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The M'Naghten Rule

Criminal defendants who are found to be legally insane cannot be convicted of charges arising from that particular mental defect or disability. Courts use one of several legal tests to determine whether a defendant actually is legally insane, depending on the jurisdiction. They include the Model Penal Code Test; the Durham Rule; the Irresistible Impulse Test; and the M'Naghten Rule.

This article focuses on the M'Naghten Rule for testing legal insanity, often called the "right-wrong" test and used by the majority of states. See Current Application of the Insanity Defense and Status of the Insanity Defense for more information.

Overview

The M'Naghten Rule (or test) focuses on whether a criminal defendant knew the nature of the crime or understood right from wrong at the time it was committed. The defendant must meet one of the two distinct criteria. Some courts differ as to whether the "wrong" in question refers to moral or legal wrong (or both). Additionally, some states have eliminated the first part of the test in which a defendant is ruled legally insane for not fully understanding what he or she has done.

The rule, established by the English House of Lords in the mid-19th Century, states:

"Every man is to be presumed to be sane, and ... that to establish a defense on the ground of insanity, it must be clearly proved that, at the time of the committing of the act, the party accused was laboring under such a defect of reason, from disease of mind, and not to know the nature and quality of the act he was doing; or if he did know it, that he did not know he was doing what was wrong."

Examples of Insanity Using the M'Naghten Rule

A man murdered his wife and daughter, and then waited calmly for the police to arrive. Three mental health experts testified that he was too psychologically ill to understand that his criminal acts were wrong. He was found not guilty by reason of insanity and sentenced to 10 years in a mental health facility.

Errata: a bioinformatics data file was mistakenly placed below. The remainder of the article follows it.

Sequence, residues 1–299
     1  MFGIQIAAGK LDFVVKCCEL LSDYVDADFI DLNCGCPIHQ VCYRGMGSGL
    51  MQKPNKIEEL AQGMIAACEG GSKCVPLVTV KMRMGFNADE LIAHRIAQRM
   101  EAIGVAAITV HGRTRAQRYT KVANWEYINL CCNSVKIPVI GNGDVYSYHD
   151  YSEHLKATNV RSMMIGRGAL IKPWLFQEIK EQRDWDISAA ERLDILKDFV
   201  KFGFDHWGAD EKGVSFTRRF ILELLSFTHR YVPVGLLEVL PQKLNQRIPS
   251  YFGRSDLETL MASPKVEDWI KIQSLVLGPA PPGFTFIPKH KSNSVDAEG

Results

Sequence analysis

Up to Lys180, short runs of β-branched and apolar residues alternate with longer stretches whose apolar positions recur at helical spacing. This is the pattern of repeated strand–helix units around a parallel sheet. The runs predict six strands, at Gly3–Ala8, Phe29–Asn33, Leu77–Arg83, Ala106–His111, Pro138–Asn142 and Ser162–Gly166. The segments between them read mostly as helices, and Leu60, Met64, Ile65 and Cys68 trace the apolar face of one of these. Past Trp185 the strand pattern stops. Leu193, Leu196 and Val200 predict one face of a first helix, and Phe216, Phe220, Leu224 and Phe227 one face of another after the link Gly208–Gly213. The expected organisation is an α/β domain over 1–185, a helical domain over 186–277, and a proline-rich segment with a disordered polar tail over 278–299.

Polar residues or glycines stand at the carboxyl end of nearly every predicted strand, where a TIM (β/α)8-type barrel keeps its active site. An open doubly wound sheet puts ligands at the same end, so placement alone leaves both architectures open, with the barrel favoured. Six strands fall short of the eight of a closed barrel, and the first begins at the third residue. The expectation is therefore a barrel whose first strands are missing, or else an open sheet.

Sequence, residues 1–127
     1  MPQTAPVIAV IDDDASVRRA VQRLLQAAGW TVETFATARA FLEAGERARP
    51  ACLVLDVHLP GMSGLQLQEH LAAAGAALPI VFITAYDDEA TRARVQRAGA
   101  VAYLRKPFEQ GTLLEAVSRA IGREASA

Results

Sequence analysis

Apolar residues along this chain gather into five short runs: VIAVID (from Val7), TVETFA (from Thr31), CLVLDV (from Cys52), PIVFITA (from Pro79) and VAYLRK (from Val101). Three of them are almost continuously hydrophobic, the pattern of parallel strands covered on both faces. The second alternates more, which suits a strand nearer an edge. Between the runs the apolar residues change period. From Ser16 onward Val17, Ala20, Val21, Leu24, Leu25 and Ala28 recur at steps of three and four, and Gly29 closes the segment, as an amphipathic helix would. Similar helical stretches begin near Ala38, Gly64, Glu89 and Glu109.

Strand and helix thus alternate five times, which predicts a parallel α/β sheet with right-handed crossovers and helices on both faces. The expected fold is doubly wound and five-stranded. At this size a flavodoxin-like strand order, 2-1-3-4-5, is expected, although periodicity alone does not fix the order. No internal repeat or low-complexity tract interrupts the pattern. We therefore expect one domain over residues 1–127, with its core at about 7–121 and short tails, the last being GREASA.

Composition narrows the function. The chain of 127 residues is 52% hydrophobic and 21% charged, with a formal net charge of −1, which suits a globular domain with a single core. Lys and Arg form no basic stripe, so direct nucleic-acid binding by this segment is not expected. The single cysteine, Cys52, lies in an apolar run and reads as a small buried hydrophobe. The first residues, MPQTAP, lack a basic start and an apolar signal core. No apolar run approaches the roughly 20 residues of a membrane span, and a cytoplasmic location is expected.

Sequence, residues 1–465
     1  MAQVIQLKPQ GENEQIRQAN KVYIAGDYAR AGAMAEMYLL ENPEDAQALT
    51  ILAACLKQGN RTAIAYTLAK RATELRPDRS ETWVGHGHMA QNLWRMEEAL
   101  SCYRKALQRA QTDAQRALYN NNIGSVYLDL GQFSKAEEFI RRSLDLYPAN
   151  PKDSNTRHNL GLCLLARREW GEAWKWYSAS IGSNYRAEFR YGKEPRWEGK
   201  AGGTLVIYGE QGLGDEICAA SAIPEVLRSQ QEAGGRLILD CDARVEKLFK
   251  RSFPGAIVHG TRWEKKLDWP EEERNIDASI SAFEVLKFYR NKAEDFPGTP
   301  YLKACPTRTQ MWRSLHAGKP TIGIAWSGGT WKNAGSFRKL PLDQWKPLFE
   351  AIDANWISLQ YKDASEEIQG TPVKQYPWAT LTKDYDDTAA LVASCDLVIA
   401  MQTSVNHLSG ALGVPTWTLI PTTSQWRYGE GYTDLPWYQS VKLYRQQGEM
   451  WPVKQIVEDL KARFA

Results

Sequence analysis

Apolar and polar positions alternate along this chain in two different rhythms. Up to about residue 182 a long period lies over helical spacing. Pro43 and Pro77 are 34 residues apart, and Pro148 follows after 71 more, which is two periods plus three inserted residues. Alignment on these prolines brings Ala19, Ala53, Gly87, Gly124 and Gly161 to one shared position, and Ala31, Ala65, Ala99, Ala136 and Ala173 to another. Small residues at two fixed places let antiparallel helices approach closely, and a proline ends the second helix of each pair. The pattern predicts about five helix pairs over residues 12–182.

A woman with severe schizophrenia is charged with assault and battery after attacking her next door neighbor with a shovel. She claims the neighbor was actually a demon who was trying to harvest her soul. She was found not guilty by reason of insanity after the court determined that she failed to understand the nature of her actions.

Criticism of the Rule

This particular test for legal insanity has been challenged for a number of reasons. Some have argued that defendants meeting the legal definition of insanity do always meet the medical criteria for insanity, but are sentenced to mandatory medical care anyway. Another criticism is that it fails to distinguish between defendants posing a public danger and those who do not, or between temporary mental issues and lifelong conditions.

Additionally, some have argued that this rule makes it too easy for a defendant with a severe mental disorder to escape responsibility for any crimes, regardless of how big a role the disorder played in the incident.

If you would like to learn more about the M'Naghten Rule or need respresentation for a criminal case, check out FindLaw's directory of criminal defense lawyers. See The Insanity Defense Among the States for more details.

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